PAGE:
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Second annual Juneteenth event provides 'Celebration of Unity'

News of the Diocese

June 20, 2024

Second annual Juneteenth event provides 'Celebration of Unity'
Second annual Juneteenth event provides 'Celebration of Unity'
Second annual Juneteenth event provides 'Celebration of Unity'
Second annual Juneteenth event provides 'Celebration of Unity'
Second annual Juneteenth event provides 'Celebration of Unity'

The hot and humid 19th of June didn’t dampen the 2024 Juneteenth Celebration of Freedom held at Glenview Park, E 110th St. in Cleveland.

Thanks to the great numbers of parishioners in attendance from St. Dominic Church and Our Lady of Peace, the second annual Juneteenth Celebration of Freedom was a diverse event with about 400 in attendance. Several parish priests and deacons also attended, along with the Parish Life Secretariat of the Diocese of Cleveland.

(See photo gallery above.)

The liturgy was inspired with music by the Diocesan Gospel Choir and praise groups from the community including St. Aloysius School. In addition, the dynamic homily of Fr. James Watson, Pastor of St. Agnes/Our Lady of Fatima Church, gave all in attendance a future challenge. His message focused on the goodness of being able to celebrate freedom, especially the ultimate freedom in Christ Jesus to love God and one another. All were challenged to let go of the negative things that enslave us.

After Mass, while children enjoyed playing water games and bouncing on inflatables, others enjoyed delicious food, desserts, snacks and of course, plenty of water and shade to stay safe from the heat.

The event was coordinated by the diocesan Office for Black Catholic Ministries. Sister Jane Nesmith, SBS, director of the office, said, “It’s so important to grasp that race, freedom and equality are to be celebrated by all of God’s children. History is what it is but the present and the future can be modified. The scriptural mandate to love God and one another can be expanded, can be more inclusive, can be more transforming through our Eucharistic Lord and Savior Jesus Christ. Celebrations of any of our “God-Given” rights embraces all."

She added, “As I walked through the crowds that gathered, many people remarked about how they had been thanking God for the little breezes that were sweeping about. I would like to think of those breezes as the breath of God empowering us to pick up that challenge of love and to spread the Good News about our brotherhood and sisterhood in Jesus Christ. Our actions will speak that message more loudly and clearly than any words could ever say.”

The 2024 Juneteenth Event was sponsored by The Catholic Diocese of Cleveland in partnership with Catholic Charities who provided special give-away bags for everyone, along with meaningful information about the services they offer for Northeast Ohio communities. Other community booths included Public Utilities, Cleveland Public Water, Water Pollution Control, Cleveland Public Power and the Fire and Police Departments. Sponsoring parishes included: St. Adalbert/Our Lady of the Blessed Sacrament, Holy Spirit in Garfield Heights, St. Agnes/Our Lady of Fatima, St. Aloysius/St. Agatha, Our Lady of Peace, and St. Dominic.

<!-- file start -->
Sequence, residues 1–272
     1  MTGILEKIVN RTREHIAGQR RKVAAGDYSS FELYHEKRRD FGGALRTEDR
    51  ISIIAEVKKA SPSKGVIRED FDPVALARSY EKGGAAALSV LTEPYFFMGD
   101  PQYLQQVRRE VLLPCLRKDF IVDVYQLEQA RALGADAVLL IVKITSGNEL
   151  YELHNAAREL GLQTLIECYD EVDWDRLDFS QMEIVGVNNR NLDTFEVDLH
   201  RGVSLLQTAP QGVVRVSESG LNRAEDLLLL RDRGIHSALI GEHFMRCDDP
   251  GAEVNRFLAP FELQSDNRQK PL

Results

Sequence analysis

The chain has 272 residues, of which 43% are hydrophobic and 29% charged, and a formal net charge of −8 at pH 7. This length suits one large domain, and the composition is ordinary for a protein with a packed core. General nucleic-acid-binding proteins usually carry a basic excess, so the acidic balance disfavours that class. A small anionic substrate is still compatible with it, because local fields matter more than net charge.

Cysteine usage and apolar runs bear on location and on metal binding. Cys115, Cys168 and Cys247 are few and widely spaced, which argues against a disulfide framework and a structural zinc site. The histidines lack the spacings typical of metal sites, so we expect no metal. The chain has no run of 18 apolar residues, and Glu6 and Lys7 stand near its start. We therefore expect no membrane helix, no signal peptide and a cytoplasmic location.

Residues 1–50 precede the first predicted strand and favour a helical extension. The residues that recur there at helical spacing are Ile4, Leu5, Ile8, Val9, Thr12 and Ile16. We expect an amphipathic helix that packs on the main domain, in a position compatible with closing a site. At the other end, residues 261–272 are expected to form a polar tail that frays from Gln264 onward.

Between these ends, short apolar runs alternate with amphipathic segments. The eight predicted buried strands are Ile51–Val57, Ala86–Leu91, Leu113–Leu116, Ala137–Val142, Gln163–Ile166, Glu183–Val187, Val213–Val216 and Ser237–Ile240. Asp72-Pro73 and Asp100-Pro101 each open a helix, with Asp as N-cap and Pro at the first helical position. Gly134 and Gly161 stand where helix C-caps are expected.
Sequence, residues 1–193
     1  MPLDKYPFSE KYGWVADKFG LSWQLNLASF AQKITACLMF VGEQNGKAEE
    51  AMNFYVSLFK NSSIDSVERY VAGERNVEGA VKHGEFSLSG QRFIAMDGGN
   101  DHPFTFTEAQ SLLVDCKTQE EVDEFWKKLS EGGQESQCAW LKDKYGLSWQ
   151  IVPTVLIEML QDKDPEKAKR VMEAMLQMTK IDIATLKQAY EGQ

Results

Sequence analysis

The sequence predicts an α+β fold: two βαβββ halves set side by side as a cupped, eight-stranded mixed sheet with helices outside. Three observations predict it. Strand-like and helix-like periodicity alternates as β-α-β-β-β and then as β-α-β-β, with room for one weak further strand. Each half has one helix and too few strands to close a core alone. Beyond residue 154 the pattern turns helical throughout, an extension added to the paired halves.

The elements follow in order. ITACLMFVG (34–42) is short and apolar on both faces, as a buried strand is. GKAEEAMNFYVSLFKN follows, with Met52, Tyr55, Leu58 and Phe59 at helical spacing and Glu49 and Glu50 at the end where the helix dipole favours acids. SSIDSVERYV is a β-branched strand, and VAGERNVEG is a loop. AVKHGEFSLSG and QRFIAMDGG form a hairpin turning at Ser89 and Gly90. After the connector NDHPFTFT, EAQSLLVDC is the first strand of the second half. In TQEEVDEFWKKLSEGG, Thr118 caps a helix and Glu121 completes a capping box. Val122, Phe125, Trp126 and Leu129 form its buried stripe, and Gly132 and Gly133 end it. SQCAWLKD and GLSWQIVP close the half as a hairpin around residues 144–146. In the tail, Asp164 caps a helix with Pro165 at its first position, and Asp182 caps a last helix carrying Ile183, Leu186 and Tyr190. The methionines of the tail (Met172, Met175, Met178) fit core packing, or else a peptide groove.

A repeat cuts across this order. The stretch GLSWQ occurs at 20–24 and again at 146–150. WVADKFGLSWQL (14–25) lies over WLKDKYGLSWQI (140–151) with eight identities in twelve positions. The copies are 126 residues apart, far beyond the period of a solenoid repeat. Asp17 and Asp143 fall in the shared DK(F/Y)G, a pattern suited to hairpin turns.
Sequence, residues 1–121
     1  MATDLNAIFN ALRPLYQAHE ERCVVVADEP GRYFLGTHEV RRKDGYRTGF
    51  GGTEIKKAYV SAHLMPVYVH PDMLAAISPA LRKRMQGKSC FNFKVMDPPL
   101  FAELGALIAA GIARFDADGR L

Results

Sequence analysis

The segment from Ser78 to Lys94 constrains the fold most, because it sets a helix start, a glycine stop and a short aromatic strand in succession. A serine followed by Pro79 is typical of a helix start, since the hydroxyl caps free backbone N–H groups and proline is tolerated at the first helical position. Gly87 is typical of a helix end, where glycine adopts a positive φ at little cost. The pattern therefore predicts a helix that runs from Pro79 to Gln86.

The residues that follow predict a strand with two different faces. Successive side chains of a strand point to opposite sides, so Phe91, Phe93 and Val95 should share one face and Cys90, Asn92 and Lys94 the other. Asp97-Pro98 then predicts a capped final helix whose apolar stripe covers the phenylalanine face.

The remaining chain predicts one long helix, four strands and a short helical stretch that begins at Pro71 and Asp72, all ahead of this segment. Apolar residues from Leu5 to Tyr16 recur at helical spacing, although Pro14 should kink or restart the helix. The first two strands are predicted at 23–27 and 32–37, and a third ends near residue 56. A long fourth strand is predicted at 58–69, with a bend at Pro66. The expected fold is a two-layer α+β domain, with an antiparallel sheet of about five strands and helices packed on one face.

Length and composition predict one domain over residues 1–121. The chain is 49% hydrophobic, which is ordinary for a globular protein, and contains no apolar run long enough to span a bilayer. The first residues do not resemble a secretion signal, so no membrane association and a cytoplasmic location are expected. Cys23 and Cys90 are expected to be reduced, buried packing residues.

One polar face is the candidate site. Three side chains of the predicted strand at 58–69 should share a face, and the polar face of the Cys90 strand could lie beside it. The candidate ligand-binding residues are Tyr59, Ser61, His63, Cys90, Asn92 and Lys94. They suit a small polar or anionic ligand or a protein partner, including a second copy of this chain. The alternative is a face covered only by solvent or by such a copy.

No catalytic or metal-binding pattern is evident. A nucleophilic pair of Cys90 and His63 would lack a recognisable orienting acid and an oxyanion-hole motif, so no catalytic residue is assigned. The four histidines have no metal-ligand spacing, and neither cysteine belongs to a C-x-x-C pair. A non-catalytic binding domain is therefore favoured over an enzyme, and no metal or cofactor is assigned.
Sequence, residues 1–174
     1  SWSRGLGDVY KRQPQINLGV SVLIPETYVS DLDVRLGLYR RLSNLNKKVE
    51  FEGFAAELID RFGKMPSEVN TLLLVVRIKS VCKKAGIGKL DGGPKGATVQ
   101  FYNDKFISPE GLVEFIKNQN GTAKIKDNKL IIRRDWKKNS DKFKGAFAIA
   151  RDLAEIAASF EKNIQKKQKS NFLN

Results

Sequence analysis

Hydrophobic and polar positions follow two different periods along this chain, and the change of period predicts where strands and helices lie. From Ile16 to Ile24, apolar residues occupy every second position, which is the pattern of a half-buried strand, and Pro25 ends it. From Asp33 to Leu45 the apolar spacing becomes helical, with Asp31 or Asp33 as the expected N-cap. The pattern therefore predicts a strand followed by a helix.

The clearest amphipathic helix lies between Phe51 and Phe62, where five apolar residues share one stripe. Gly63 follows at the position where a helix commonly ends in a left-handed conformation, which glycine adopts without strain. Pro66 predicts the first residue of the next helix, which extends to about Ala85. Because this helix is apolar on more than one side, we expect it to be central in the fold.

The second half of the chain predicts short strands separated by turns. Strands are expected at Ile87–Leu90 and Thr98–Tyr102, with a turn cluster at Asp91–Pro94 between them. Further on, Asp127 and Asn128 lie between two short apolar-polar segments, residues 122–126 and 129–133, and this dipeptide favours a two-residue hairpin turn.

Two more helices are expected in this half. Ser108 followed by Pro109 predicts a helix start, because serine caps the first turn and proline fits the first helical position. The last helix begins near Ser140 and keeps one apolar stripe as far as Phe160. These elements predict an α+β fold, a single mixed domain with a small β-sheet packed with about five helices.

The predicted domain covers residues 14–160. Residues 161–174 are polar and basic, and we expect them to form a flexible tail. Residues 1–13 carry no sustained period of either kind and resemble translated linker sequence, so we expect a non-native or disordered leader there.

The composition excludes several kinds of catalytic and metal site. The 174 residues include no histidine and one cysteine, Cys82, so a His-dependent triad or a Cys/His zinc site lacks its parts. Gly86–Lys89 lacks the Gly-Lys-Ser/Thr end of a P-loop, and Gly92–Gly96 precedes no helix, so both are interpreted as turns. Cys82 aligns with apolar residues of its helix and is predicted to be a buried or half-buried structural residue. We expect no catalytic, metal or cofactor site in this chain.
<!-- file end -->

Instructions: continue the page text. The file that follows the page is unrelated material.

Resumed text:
Sister Jane was excited to see so many groups coming together. “In addition to the African American parishes and Catholic Charites, we are grateful to the Knights of Columbus, the Knights of Peter Claver as well as the Diocesan Gospel Choir and a combined group of liturgical dancers including those of St. Aloysius School. They all provide a broadening of the cultural aspects of worship in the Black community.”

About Juneteenth

Juneteenth, which became a national holiday in 2021, commemorates the day the last enslaved people in the former Confederacy were freed, June 19, 1865. It is celebrated on the anniversary of the order issued by Major Gen. Gordon Granger proclaiming freedom for all slaves in Texas, June 19, 1865. Since then, Juneteenth has been observed in various cities across the country marked with celebrations, guest speakers, the reading of President Abraham Lincoln’s Emancipation Proclamation, picnics and family gatherings. In cities across the country, people of all races, nationalities and religions are joining hands to truthfully acknowledge a period in our history that shaped and continues to influence our society today. It is a time for reflection and rejoicing but also a time for assessment, self-improvement and for planning the future.

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